This panel was the most informative because it was young people talking to young people who all were there trying to figure out how to exactly make it into the music business and the fate of the business. Little mentioned, “I know a lot of friends who have lost their jobs in the last year in the industry.” Between discussions the recession was brought up to which someone stated “If a company like General Motors can fail, then what’s to say Warner Bros records can’t fail, and that’s what’s exciting right now.” Although these insiders knew that the recording industry was in a wreck right now, they all seemed very excited about the future with a promise that music wouldn’t die, technology would always be changing but the way artists are managed and the way artists revenues come in would all have to change but no one knows exactly how yet.

Other panels touched on a wide array of subjects, one solely for music producers and studio work, one on how to make an indie label titled “Mogal” and an artist panel featuring Francisco Fernandez of the Furious Few, Eric Victorino of the band The Limousines and Aja Volkman of Nico Vega who were all playing the Noise Pop festival and shared stories from the road and being an artist in our economy.

The lower level of the Swedish American Hall was filled with chairs where people from labels, band managers, publicists and producers all offered short ten minute sessions with anyone looking make a connection, get some guidance and possibly a business card.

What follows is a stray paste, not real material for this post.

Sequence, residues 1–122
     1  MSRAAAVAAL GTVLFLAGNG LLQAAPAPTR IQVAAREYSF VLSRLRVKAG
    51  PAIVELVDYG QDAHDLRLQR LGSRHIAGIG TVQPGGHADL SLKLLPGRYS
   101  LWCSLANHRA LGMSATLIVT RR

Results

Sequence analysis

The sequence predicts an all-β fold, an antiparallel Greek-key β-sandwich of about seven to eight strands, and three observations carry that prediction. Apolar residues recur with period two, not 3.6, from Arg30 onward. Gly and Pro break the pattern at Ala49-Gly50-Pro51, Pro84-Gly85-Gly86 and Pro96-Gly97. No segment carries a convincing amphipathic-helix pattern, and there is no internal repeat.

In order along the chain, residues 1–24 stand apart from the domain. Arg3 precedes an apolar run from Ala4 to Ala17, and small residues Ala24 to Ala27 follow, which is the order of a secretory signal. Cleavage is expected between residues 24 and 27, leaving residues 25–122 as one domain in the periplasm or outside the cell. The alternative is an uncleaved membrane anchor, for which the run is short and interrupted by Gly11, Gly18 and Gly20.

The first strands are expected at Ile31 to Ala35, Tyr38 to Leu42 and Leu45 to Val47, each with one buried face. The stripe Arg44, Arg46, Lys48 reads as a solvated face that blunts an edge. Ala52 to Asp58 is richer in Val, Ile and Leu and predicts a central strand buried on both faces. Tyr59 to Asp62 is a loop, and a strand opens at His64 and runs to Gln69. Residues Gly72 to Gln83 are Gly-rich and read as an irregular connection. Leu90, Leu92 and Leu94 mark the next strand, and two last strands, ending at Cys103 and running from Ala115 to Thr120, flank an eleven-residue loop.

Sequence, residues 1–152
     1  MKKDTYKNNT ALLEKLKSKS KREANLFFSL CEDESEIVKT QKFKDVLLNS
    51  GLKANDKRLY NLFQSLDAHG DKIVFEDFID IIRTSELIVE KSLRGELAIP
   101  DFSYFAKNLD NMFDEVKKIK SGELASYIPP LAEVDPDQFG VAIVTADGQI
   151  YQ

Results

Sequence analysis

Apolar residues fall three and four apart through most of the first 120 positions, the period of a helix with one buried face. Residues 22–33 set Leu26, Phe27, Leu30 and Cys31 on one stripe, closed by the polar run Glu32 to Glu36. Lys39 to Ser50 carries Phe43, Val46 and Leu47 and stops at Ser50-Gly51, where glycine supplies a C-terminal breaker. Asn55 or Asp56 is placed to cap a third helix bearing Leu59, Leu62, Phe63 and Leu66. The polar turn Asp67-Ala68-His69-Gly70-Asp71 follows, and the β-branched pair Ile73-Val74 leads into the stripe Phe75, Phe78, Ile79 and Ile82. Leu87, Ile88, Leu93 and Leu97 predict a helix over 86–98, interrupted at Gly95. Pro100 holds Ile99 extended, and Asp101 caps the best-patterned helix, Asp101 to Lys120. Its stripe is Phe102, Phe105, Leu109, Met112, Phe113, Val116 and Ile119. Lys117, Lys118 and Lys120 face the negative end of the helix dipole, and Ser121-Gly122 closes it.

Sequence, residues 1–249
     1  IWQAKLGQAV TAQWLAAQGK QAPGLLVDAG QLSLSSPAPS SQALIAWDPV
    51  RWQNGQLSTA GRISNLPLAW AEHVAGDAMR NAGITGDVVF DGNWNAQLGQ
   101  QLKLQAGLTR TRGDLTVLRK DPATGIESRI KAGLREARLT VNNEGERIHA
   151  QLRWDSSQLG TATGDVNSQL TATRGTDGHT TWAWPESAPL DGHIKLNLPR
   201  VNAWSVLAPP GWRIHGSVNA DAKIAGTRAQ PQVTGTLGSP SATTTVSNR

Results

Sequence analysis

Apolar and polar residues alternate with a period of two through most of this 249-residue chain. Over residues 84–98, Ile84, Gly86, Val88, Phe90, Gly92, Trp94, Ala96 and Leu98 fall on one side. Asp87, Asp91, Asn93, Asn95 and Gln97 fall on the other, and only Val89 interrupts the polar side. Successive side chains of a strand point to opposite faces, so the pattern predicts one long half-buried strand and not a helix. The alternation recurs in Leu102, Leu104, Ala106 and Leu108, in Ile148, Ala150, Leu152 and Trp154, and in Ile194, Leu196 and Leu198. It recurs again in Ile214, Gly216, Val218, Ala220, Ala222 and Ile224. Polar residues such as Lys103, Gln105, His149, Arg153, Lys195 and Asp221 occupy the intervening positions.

The conference seemed to become a place where fans and musicians were equals and the veil of secrecy that surrounds such a popular industry was lifted. Shortly after the conference all attendees and panelists headed to Cafe Du Nord for drinks and conversations on how although the industry is ever changing, the music will stay the same.

Business Honors Cohort One of Many Academic Programs at USF

This is the first in a series of articles featuring some of USF’s special academic programs.

Apart from the typical majors and minors that all students declare, USF has a large number of special academic programs, programs that offer benefits such as guaranteed admittance to law school, a bachelors and masters degree in five years, and even exemption from final exams in some cases.

Despite the fact that many of these programs are openly advertised or featured on USF’s website, students seem to be largely unaware of their benefits. Other programs are intentionally kept under the radar by the departments that sponsor them.

The first program to be featured in this series is the Honors Cohort Program.

The Honors Cohort Program is part of USF’s School of Business and Management and is open to business students who have achieved junior standing, completed a number of prerequisite courses and earned a 3.5 minimum GPA. Students applying for this competitive program are also required to complete an interview with a faculty member and current HCP student.

Once in the program, students take the six upper division business core classes together. These classes are only open to HCP students. Mark Dondero, a junior in the program, said he enjoys his fellow cohort students. “The class discussions are usually pretty good because everyone there wants to be there,” he said. “It’s a great resume building and networking opportunity.”

Apart from taking classes together, HCP students also go on field trips and participate in group projects and activities. This year, HCP sent a team of students to compete in a sales competition at William Paterson University in New Jersey.